On November 14, New York City Schools Chancellor Harold Levy approved a new policy that would allow school officials to designate a specific area where Muslim students could gather to pray during Ramadan. On the evening of November 15, he reversed himself saying that no such accommodation will be tolerated.

The New York Post broke the initial story about Levy’s 180. Curiously, there was no official announcement of this new policy from the New York City Board of Education. No matter, upon reading about the new policy in the newspaper, William Donohue faxed a letter to Schools Chancellor Harold Levy commending him for his decision; he also issued a news release on the subject.

In his letter to Levy, Donohue said, “In the spirit of inclusiveness, I am asking that you also accommodate the interests of Jews and Christians.” He specifically asked Levy to “institutionalize this policy by requiring all schools to set aside a permanent area that can be accessed by students of all faiths for any religious observance they want.” Donohue stressed that “reasonableness must guide any such policy and it should be understood that not every request will be granted.” He then asked, “But if is okay for Muslims to pray at noon in, say Room 123, why should it not be okay for Catholic schoolchildren to receive ashes on Ash Wednesday at noon in Room 123?”

Late in the day of November 15, league communications director Patrick Scully contacted the Schools Chancellor’s office to find out if there were any new developments regarding this issue. He was told there were not. He also told Levy’s office that Donohue was going on national television to discuss this issue (he appeared that night on the Fox News Channel show, “Hannity and Colmes”). That is why we were so taken aback to learn the next day that Levy had reversed his policy.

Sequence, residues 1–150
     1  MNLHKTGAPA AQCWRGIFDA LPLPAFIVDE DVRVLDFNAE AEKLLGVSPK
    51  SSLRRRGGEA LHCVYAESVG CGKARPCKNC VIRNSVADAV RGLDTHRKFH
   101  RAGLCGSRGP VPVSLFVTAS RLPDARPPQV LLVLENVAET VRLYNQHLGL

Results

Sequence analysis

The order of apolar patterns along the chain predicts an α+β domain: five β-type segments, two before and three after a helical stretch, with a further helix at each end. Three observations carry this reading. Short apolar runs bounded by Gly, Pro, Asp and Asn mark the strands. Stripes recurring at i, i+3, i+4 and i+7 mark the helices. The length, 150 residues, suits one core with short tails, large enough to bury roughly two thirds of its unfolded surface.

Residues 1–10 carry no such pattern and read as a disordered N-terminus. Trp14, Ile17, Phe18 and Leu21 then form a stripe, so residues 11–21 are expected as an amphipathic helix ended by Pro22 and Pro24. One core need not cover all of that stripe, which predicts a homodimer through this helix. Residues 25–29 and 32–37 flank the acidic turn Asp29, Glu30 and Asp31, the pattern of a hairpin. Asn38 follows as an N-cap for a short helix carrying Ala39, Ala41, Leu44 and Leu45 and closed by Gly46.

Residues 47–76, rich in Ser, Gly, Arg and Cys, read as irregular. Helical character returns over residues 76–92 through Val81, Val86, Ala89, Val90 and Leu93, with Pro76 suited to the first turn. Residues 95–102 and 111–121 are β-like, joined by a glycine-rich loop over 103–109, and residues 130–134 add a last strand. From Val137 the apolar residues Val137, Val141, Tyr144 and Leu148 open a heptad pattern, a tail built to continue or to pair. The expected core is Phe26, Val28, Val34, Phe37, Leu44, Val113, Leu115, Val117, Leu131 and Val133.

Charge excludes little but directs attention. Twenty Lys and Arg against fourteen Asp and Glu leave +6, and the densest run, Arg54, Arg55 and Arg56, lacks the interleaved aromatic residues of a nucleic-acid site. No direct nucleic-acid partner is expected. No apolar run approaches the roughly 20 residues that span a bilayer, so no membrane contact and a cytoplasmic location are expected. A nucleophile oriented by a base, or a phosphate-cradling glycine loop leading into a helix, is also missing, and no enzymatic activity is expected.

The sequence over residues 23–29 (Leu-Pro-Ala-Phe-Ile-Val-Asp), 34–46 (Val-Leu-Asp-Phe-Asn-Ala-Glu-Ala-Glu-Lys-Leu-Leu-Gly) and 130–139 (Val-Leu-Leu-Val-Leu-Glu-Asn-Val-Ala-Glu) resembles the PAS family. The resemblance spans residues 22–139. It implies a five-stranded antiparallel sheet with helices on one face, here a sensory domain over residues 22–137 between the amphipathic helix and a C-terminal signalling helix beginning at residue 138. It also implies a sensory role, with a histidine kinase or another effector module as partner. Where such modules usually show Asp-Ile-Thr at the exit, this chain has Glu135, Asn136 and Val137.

In a statement to the press, Donohue wondered, “Is it because the Catholic League was requesting parity for Jews and Christians?” He also raised another troublesome aspect to this story. “The initial decision to accommodate Muslim students,” he said, “was never publicly announced—the New York Post broke the story—but the decision to do a 360 was formally posted on the Board of Education’s website.” Donohue asked, “Was Levy trying to slip this by New Yorkers? What accounts for his duplicity?”

On the morning of November 16, we learned that Mayor-elect Michael Bloomberg was going to have lunch with Levy. We immediately contacted his office asking that he question Levy about both his reversal and his tactics when they meet for lunch. “Something smells about all this,” Donohue charged, “and we hope Bloomberg (who has said he supports school prayer) gets to the bottom of it.”

Given that Hanukkah and Christmas are upon us, this is a story that will have several repercussions, both in New York and around the country.

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